Review: The Superb, Transcending Ukulele Sounds of Jake Shimabukuro

Written By Elizabeth Hanly
December 9, 2017 at 8:04 PM

Jake Shimabukuro, the Hawaiian ukulele master, performed on Saturday night, Nov. 14 at the Miami-Dade County Auditorium. Never mind the nearly torrential rains, the place was filled to capacity, or very nearly so. All these folks came out to hear the humble, four-string ukulele? A fair question considering the last time many of us encountered one may have been in some kitschy old movie. Ah, but Rolling Stone magazine calls Shimabukuro nothing less than “a musical hero.” Indeed, Jake Shimabukuro does for the ukulele what Bela Fleck does for the banjo. If not more.

Shimabukuro’s concert, presented by Tigertail Productions, went on for well over an hour. He never took a break. For most of the evening Shimabukuro was accompanied by electric bass player Nolan Verner. Sitting in the audience, one had the feeling, all too rare, that one was witnessing something extraordinary.

Shimabukuro’s virtuosity has been touted far and wide, but that may be secondary to the degree of his musical inventiveness. For instance, in his hands, a traditional Hawaiian folksong became in turns rock, swing, then bluegrass. George Harrison’s classic, “While my Guitar Gently Weeps” became blues worthy of an old timer from the Mississippi Delta. This sort of musical discovery happens again and again in nearly every song Shimabukuro took on. Whether the tune was a pop classic like “Bohemian Rhapsody,” a Japanese folk song, or work from his newest album Traveler, in the hands of this ukulele virtuoso, musical compositions fell out of easy categorization to become always more.

Notes of heartbreaking poignancy could be followed by riffs reminiscent of Paul Simon or Elmer Bernstein, before becoming straight ahead rock and roll. Shimabukuro is able to find what is at the heart of a composition and then play out that heart in all the musical idioms it can speak.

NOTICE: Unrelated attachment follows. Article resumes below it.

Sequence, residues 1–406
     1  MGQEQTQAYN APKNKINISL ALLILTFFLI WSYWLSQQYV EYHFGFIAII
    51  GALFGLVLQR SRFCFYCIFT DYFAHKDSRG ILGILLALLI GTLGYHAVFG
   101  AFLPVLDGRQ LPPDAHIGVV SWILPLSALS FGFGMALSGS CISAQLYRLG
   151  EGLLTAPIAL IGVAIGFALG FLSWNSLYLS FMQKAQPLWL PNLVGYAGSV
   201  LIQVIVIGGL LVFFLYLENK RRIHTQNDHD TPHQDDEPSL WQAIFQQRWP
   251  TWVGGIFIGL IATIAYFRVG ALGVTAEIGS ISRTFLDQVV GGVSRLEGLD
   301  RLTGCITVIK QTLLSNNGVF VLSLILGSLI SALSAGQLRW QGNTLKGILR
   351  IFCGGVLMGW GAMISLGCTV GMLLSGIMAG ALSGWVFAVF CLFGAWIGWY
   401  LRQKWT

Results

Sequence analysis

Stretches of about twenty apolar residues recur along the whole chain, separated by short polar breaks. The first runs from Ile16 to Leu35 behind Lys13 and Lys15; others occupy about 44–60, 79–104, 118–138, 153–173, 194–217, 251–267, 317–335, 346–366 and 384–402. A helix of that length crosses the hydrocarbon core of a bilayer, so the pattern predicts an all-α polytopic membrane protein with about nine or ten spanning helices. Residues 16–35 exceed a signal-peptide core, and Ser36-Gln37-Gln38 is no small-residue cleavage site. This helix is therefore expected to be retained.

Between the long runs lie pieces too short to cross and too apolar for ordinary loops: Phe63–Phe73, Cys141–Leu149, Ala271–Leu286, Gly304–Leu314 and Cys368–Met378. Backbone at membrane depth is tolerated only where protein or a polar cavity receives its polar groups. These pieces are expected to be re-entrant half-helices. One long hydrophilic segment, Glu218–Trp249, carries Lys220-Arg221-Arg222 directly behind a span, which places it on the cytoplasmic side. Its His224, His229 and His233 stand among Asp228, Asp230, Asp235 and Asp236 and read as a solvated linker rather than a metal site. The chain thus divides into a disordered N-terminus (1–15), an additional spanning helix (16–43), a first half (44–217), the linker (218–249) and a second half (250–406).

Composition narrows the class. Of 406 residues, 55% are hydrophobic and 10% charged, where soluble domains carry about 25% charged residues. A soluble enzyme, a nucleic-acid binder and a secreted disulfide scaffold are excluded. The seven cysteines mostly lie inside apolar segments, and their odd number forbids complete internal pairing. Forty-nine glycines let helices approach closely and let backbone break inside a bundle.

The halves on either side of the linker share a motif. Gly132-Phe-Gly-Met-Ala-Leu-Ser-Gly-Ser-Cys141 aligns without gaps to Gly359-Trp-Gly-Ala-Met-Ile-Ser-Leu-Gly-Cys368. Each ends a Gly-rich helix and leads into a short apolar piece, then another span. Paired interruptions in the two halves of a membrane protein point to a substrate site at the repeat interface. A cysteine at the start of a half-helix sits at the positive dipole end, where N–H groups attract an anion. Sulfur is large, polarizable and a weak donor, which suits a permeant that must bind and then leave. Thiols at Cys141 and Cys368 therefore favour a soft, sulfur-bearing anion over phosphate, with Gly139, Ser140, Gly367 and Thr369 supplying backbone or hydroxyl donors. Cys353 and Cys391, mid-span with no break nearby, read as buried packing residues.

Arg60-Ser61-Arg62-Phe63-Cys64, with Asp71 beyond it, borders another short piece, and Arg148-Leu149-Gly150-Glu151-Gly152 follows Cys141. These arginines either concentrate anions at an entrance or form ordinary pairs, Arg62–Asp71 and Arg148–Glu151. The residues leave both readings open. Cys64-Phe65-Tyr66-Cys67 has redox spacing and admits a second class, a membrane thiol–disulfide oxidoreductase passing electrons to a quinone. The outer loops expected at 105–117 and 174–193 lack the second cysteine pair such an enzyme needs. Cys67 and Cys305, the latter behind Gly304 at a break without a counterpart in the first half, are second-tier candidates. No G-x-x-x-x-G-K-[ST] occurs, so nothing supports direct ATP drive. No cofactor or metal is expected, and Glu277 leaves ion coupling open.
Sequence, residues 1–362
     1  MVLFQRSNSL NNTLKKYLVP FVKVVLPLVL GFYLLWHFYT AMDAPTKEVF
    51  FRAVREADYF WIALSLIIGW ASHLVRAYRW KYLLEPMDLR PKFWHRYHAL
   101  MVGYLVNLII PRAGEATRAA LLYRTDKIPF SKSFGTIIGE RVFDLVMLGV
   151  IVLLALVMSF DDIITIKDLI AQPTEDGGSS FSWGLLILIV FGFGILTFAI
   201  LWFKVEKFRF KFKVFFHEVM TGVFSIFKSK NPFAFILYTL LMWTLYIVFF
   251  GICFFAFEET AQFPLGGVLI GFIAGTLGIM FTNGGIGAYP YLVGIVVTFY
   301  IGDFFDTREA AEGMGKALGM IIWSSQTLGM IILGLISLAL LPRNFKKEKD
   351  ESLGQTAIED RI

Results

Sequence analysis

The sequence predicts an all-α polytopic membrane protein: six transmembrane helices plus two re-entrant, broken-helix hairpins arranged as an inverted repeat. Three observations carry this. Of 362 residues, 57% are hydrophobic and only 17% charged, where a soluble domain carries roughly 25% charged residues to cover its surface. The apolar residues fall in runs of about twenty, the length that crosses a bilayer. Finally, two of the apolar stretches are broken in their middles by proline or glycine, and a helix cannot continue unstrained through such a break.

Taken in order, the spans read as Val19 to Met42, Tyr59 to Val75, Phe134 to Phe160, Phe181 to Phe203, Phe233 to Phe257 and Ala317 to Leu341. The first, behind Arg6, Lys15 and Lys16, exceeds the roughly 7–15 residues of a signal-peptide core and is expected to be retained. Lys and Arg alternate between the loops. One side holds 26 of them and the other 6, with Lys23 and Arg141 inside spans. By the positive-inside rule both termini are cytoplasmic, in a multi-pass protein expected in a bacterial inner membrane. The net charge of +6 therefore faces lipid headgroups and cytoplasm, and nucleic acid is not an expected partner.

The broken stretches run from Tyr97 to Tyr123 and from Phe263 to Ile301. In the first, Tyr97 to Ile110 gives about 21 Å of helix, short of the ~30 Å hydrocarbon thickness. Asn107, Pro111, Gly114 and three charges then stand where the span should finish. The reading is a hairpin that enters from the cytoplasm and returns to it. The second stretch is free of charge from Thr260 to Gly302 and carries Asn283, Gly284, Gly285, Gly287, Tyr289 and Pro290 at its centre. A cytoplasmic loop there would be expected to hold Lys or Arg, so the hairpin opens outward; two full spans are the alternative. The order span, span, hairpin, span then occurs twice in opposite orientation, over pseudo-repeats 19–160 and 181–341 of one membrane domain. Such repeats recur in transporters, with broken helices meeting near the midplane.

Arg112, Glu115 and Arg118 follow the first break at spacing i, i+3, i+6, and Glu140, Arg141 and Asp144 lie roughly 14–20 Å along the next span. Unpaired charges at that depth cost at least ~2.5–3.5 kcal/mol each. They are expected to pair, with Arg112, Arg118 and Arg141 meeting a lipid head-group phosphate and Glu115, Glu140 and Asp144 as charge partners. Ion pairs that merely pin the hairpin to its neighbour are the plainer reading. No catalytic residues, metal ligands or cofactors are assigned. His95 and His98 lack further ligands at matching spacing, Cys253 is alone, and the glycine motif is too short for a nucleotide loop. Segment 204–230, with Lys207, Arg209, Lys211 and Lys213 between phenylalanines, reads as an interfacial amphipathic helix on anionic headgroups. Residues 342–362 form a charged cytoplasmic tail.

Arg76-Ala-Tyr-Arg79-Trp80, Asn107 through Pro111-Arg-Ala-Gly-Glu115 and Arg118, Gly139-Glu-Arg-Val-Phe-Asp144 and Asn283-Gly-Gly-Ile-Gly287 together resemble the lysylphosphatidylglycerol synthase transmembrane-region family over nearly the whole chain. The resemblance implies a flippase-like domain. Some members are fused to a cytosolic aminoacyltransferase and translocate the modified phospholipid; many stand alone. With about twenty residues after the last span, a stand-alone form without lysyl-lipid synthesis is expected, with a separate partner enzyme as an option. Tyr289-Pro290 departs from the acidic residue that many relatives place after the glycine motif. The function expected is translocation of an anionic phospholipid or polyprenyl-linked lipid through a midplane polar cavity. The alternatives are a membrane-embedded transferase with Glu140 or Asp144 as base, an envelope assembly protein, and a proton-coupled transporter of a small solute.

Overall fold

At least as astonishing is the speed with which Shimabukuro can segue in the same song between musical genres. Sometimes his bridge is a single chord.

There’s still more. Shimabukuro manages to hold up a prism coaxing his ukulele into sounds that might come from bells, a violin, a harp. At times he seemed to be letting his audience hear what it would be like if he were playing through water.

Shimabukuro has a reputation for strumming with “exuberance.” Indeed, besides praising him for his musical heroism, Rolling Stone describes him as the “one of the hottest axe men of the past few years.” After Saturday night’s performance it is easy to see how comparisons with Hendrix and Clapton can be made. More than one person in the audience could be heard wondering why the ukulele didn’t just explode. Shimabukuro’s hands often moved faster than the eye could see. At one point he was strumming the fret as well as the strings. The audience was cheering, and Shimabukuro was having at least as much fun, jumping, stretching, bouncing around like a delighted kid, playing games with his bass man. “Top this,” Shimabukuro might have been saying.

But the bass man knew better than to try. What he did instead, indeed what he did throughout his time on stage, was to complement Shimabukuro, to frame his music and to hold it in warmth.

All in all, it may have been the sweetness of Shimabukuro’s playing that made the evening most remarkable. This was sweetness with not a trace of the saccharine. His rendition of “Somewhere Over the Rainbow” made one believe again in wishes, if even for a moment. Better still, at least for this reviewer, was his rendition of a Japanese folksong, a story about cherry blossoms often played on a zither. Shimabukuro’s song was wistful, soft as a sigh.

Lighting added to the evening’s sense of place and wonder. Shimabukuro is of modest stature; sometimes his shadow filled all the auditorium’s walls. More often ukulele and bass player stood on a stage lit only by what might have been candles.

For all his showmanship and virtuosity, for all his rock and roll chops, this was a musician inviting his audience in far closer than most, for an intimate, exhilarating evening.


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